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Patricia A. Kassebaum
Substance Abuse Treatment for Women Offenders: Guide to Promising Practices
US Dept of Health and Human Services, SAMHSA Ctr for Substance Abuse Treatment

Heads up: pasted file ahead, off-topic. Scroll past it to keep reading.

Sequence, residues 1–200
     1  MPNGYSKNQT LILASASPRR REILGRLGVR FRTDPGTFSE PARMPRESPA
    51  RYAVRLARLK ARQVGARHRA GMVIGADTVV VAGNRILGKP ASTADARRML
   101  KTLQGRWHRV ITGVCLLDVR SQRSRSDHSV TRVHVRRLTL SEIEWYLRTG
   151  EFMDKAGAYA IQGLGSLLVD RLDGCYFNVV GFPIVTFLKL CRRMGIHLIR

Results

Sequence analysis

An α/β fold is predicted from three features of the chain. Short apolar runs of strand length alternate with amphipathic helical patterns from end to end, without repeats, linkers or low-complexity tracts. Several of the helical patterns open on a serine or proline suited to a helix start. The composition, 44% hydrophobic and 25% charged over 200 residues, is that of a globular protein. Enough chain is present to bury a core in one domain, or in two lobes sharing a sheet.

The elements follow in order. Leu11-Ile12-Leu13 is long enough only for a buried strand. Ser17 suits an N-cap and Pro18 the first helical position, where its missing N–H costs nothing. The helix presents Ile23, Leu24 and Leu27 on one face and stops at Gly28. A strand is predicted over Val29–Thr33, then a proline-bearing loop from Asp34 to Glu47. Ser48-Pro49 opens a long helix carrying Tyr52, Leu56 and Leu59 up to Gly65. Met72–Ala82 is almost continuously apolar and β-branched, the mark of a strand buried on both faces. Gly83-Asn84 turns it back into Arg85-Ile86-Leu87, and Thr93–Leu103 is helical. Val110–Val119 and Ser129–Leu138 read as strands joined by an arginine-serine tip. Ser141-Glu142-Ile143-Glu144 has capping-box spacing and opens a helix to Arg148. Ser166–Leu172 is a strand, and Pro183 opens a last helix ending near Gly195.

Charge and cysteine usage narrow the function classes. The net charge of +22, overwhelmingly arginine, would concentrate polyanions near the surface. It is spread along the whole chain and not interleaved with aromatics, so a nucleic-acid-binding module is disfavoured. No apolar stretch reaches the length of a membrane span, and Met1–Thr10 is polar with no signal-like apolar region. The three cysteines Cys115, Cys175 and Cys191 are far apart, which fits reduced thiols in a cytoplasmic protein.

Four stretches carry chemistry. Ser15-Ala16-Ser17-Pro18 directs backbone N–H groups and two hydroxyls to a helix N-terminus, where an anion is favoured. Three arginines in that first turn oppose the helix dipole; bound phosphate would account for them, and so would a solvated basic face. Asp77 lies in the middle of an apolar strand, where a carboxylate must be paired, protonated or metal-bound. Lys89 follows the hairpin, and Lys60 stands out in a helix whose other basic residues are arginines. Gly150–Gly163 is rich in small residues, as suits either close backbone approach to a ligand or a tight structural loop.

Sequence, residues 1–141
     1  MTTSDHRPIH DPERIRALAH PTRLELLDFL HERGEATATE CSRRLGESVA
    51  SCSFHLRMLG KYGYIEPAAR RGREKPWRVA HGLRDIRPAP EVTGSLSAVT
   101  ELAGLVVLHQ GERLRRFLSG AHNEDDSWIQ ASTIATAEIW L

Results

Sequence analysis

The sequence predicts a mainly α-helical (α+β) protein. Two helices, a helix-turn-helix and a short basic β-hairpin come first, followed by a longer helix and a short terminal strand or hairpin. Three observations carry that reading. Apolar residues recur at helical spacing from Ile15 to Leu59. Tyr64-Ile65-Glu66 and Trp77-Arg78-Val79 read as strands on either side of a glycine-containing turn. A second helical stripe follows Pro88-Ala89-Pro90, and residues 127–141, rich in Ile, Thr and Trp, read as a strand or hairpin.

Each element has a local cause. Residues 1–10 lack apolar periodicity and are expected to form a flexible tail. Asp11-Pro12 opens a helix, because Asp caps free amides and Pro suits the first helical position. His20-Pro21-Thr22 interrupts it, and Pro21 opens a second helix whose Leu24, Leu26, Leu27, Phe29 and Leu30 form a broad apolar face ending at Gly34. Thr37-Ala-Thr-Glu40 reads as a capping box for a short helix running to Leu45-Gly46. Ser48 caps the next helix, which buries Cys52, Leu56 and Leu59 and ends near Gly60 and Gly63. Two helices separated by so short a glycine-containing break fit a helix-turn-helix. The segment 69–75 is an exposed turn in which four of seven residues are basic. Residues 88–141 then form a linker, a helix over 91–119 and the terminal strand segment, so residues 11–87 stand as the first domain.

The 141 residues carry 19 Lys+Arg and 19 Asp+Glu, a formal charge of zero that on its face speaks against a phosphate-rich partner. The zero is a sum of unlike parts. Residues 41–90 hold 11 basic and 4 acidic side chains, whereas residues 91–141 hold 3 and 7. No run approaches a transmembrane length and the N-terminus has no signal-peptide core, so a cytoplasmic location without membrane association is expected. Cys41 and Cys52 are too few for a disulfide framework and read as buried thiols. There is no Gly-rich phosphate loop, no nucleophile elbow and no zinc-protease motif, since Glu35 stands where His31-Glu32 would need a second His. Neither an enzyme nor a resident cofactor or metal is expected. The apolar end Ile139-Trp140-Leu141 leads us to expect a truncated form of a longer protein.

This report acts as a guide providing professionals working with women offenders with knowledge from nine select women’s programs for substance abuse problems. Some of the most promising practices in helping addicted women in the criminal justice system include: (1) building a treatment approach that is rooted in an understanding about how women grow and develop and how these factors affect addiction; (2) using sanctions in creative and reasonable ways that will reinforce treatment goals and engage women in treatment; (3) assessing each woman’s needs in a comprehensive, yet flexible manner; (4) providing continuity of care, from the presentencing through in-custody treatment to continuing treatment and support following release; and (5) ensuring that women receive the housing and other services that they need during the early post-release period and avoid relapse and recidivism. Intended, not to be a complete guide or handbook for setting up new programs, this report is intended to offer women-specific concepts and strategies, a planning framework, for those in the corrections and treatment fields who want to design comprehensive services for women offenders. In an effort to develop and assess programming for women offenders, the Center for Substance Abuse Treatment (CSAT) is funding a series of treatment programs for women in prisons and jails. Evaluation results from these projects are just beginning to emerge, with much already learned. This report shares the knowledge being gained from nine selected women’s programs, four in State prisons and five in jails or detention centers. All are serving women who have severe substance abuse problems. The programs include long- and mid-term residential therapeutic communities. The report is intended for professionals from a wide range of disciplines working with women involved in some aspect of the criminal justice system. The report is divided into four parts: setting the stage for treatment, designing treatment programs, stages of treatment planning--the action steps, and program summaries. References, resource list, and appendix